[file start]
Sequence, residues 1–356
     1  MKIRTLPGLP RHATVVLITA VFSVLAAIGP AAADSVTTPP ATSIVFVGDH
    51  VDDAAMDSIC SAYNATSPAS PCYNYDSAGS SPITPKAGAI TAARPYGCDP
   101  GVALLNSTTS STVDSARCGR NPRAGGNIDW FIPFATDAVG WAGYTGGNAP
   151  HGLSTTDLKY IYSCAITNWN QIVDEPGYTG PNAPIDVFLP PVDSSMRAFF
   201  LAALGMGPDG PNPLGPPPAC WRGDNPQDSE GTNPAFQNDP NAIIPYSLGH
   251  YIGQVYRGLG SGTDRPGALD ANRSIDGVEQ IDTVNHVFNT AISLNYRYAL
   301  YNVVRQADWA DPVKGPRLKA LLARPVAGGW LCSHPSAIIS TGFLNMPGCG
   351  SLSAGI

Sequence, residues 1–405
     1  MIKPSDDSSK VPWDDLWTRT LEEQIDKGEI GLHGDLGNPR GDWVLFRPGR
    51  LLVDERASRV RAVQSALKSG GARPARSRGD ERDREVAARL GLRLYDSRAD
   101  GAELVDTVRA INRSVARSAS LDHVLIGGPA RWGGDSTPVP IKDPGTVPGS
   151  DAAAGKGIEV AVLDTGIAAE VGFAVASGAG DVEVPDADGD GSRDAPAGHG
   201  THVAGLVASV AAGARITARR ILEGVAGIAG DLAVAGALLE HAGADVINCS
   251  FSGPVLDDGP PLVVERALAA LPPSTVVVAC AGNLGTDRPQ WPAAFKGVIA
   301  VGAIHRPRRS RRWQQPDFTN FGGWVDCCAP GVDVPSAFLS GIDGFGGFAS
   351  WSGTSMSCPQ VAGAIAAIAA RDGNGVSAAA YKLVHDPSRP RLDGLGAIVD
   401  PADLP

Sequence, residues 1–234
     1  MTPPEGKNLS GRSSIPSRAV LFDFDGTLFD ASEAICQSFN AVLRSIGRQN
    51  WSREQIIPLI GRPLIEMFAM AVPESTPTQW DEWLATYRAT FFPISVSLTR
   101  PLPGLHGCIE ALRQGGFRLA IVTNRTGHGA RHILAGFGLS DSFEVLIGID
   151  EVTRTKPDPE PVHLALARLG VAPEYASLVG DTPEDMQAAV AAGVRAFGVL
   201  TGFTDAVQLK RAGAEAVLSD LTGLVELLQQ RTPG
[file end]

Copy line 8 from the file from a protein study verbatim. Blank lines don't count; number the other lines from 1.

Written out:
   301  YNVVRQADWA DPVKGPRLKA LLARPVAGGW LCSHPSAIIS TGFLNMPGCG